• Using facets to narrow down results
    • Facets derived from bibliographic information in the Library Catalogue
    • Visual appeal
    • Sample Sites
  • 20. Web 2.0: Enabling User Contributions
    • User ratings & reviews
      • Expressing opinions regarding works in the catalogue
    • User tagging
      • Assigning informal terms to items of interest
      • “ Folksonomy” as a supplement to traditional subject headings provided by libraries
    • Blogs & RSS
      • Means to deliver information to users
        • Lists of new items
        • Lists of relevant items
    • Sample Sites
  • 21. Other Features
    • Keyword Searching
      • Google-like simple search box
    • Relevancy
      • Most important items appear first followed by those of diminishing relevancy
    • “Did you mean …?”
      • Detect common spelling errors
      • Suggest a term that will work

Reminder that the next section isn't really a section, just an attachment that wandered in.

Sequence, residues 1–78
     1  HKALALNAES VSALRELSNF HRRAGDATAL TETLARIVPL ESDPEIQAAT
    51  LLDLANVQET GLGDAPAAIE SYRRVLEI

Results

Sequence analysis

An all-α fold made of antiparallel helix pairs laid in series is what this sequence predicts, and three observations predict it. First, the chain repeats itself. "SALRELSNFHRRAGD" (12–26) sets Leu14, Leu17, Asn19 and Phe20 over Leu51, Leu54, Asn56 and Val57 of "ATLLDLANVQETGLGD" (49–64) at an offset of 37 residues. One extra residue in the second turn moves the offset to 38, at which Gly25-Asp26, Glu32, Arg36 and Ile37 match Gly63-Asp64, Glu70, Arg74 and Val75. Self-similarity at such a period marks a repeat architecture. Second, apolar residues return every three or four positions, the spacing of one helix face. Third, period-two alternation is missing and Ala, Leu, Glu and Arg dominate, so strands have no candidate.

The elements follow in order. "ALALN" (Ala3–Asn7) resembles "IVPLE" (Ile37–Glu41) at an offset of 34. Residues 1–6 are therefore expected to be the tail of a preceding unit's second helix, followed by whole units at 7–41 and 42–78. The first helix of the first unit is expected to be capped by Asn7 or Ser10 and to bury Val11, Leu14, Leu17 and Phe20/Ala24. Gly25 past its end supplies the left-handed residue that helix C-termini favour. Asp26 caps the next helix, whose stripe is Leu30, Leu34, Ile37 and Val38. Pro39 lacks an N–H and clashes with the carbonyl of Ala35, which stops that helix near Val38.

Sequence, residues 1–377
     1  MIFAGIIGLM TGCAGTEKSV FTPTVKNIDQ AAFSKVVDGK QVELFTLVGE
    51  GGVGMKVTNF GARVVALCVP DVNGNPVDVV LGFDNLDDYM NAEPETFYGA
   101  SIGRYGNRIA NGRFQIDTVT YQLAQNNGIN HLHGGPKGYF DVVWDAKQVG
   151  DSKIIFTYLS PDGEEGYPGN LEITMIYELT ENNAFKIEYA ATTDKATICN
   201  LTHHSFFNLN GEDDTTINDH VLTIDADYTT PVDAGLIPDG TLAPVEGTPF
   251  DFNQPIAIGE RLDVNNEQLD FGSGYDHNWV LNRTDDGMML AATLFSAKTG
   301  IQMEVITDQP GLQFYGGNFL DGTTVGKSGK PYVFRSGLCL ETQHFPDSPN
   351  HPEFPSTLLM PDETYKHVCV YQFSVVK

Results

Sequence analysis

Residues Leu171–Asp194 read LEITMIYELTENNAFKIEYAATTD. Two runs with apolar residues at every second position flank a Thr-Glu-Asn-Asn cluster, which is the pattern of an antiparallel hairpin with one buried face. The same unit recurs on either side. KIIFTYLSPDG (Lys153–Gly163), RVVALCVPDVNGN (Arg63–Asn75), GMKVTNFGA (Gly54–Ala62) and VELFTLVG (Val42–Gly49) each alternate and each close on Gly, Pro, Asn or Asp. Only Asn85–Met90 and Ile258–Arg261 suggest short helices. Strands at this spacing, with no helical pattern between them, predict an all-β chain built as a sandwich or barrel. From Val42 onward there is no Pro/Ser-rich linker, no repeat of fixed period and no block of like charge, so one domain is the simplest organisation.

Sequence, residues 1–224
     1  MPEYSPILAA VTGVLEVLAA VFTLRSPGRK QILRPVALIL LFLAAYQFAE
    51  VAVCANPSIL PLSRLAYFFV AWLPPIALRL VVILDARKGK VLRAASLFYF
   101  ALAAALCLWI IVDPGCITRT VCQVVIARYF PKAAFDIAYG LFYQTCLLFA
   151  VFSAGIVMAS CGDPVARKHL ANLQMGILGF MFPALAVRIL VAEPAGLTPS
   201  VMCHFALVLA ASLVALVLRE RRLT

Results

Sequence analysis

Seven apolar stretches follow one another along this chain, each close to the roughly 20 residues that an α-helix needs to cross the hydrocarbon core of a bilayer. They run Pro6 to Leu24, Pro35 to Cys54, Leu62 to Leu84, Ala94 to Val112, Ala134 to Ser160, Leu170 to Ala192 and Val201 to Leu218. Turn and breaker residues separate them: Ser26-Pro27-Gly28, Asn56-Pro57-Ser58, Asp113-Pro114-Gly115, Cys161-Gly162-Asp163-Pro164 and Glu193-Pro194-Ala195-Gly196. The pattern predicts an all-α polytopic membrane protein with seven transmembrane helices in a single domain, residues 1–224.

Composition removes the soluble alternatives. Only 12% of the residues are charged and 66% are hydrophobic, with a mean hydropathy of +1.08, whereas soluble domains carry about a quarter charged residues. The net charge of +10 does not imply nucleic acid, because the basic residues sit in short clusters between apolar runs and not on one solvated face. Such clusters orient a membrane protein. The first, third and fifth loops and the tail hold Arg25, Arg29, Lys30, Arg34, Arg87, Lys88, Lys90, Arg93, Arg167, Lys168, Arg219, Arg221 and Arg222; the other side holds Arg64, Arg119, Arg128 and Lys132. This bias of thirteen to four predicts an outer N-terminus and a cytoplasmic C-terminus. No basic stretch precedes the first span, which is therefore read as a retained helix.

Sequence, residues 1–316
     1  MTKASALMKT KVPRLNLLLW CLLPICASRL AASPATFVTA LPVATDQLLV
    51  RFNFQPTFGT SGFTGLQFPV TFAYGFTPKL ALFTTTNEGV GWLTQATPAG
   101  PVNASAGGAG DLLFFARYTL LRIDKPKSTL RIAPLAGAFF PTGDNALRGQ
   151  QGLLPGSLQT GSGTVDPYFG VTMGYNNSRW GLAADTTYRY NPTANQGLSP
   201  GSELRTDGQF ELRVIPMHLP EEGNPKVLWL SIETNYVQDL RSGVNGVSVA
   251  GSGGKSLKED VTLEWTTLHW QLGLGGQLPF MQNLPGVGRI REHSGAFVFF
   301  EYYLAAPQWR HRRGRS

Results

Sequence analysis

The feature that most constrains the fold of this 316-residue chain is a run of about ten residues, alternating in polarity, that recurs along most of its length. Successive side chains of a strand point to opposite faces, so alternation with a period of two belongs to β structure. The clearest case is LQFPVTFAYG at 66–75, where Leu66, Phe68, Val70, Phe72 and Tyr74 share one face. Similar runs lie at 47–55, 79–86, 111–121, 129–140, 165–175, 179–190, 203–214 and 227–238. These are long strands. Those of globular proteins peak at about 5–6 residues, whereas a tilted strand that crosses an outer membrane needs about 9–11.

• Recommendations
      • “Users that borrowed X also borrowed Y”
  • 22. Putting Them All Together
    • New discovery & delivery interface providing access to all of the content and services offered by a Library
      • Through harvesting additional contents into local index
      • Through incorporating federated-search into interface
    • Interface characteristics
      • Simple search box
      • AJAX technology to dynamically request and present additional information without having to redisplay the entire page
    • Incorporate features such as Relevancy ranking, Popular choices, Faceted navigation, Tag cloud, “Did you mean …?”, User-contributed content, Enriched content, etc.
    • Sample Site
  • 23. Q & A Thank you! Tan Kah Ching Senior Librarian Automation & Asset Organisation NUS Libraries [email_address]